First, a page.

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Kyrgyzstan extends US lease on Manas air base

Plane at Manas air base on 15 April 2010
The base serves as a transit point for operations in Afghanistan

Kyrgyzstan's interim government says it will extend the US lease on a key air base, a day after the ousted president, Kurmanbek Bakiyev, left the country.

The deputy leader, Omurbek Tekebayev, said the agreement over Manas air force base - a logistics hub for Afghanistan - would extend for another year.

The US had feared that the change of government in the Central Asian nation could affect the base deal.

On Thursday, the ousted leader flew to Kazakhstan, easing fears of violence.

He was overthrown in mass protests on 7 April. More than 80 people were killed when anti-government protests in the capital, Bishkek, and other towns turned violent.

'Brink of war'

"Kyrgyzstan is extending by one year the validity of the agreement with the United States over the Manas transit centre," Mr Tekebayev said.

He said that parliament should make its own decision on the base but that because there was currently no parliament in place the lease, which runs out in July, would automatically be renewed.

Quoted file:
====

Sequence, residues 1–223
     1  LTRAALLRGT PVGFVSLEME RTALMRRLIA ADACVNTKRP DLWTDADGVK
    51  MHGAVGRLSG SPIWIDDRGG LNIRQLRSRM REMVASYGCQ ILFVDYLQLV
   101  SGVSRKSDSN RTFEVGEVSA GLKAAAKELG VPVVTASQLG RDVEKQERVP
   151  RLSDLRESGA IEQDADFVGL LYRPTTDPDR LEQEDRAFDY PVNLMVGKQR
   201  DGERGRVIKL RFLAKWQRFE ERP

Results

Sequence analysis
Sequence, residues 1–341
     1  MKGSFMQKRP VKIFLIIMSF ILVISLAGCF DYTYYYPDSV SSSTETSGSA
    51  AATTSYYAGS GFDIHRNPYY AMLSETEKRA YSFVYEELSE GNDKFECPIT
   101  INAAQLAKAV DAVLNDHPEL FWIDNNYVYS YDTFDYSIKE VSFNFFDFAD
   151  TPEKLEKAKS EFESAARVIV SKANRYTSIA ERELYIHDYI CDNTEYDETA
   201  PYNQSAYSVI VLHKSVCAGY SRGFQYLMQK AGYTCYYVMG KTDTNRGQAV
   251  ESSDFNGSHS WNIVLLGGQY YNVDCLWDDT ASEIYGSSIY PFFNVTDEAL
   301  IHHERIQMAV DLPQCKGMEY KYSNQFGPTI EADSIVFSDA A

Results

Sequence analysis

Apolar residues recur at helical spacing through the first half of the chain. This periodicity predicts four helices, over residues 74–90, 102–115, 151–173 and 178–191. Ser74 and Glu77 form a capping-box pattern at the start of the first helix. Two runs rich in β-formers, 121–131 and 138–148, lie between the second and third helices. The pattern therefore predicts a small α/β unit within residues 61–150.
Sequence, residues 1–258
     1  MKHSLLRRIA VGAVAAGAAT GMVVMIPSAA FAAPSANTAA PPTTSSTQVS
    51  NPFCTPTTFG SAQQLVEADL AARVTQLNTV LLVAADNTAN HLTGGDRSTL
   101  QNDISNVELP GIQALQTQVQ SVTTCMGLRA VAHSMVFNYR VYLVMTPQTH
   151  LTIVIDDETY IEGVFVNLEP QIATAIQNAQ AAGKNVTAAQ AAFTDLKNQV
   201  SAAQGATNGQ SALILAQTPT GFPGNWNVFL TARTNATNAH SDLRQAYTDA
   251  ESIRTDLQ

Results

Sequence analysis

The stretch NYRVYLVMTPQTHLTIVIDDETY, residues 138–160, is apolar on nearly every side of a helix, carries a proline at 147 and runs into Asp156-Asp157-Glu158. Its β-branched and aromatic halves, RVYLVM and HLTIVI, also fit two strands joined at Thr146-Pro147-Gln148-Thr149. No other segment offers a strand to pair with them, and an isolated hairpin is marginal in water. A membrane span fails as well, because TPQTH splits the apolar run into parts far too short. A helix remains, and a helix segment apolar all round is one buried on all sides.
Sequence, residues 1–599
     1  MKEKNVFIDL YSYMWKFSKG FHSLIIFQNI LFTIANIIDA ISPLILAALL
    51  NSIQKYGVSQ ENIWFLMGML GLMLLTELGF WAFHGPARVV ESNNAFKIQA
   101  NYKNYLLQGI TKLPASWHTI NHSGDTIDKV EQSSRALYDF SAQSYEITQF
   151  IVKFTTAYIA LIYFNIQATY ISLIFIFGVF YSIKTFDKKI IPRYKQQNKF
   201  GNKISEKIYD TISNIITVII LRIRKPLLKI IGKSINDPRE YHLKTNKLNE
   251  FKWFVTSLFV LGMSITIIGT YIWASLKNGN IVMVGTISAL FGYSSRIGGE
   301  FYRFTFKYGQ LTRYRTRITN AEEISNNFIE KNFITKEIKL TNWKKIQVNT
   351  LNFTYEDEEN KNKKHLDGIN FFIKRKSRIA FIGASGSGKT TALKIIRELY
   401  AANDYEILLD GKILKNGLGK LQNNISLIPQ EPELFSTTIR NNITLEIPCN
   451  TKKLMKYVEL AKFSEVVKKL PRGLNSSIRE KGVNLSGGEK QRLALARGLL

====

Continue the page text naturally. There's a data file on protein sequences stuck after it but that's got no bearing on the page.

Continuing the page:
The announcement came only hours after Mr Bakiyev agreed to leave, formally resigning from neighbouring Kazakhstan.

He had initially refused to stand down, instead retreating to his home in the south of the country and attempting to rally supporters.

Roza Otunbayeva, pictured on 13 April 2010
Ms Otunbayeva promised justice over the 7 April violence

Addressing the nation, interim leader Roza Otunbayeva said he had been allowed to leave to avoid bloodshed.

She said his speeches in the south "in the company of militants armed to the teeth brought the country to the brink of a civil war".

"Under these circumstances, with the active mediation of peace missions from the OSCE and the UN and the personal participation of Kazakh President Nursultan Nazarbayev, US President Barack Obama and Russian President Dmitry Medvedev, the interim government was presented with the need to take urgent decisive measures," she said.

She promised that Mr Bakiyev would be held accountable for the deaths of 7 April.

"Bakiyev will not avoid justice. He will not be able to hide in any country of the world," she said.

Correspondents say there is considerable anger against Mr Bakiyev in Bishkek over the violence.

Since his departure, the interim government has been consolidating its power.

A warrant has been issued for one of Mr Bakiyev's brothers, Zhanybek, the former head of the presidential guard service who is accused of ordering troops to open fire on protesters on 7 April in Bishkek.

Other relatives of Mr Bakiyev handed weapons to officials in the family stronghold in the south of the country.

The former defence minister, Baktybek Kaliyev, has already been arrested.



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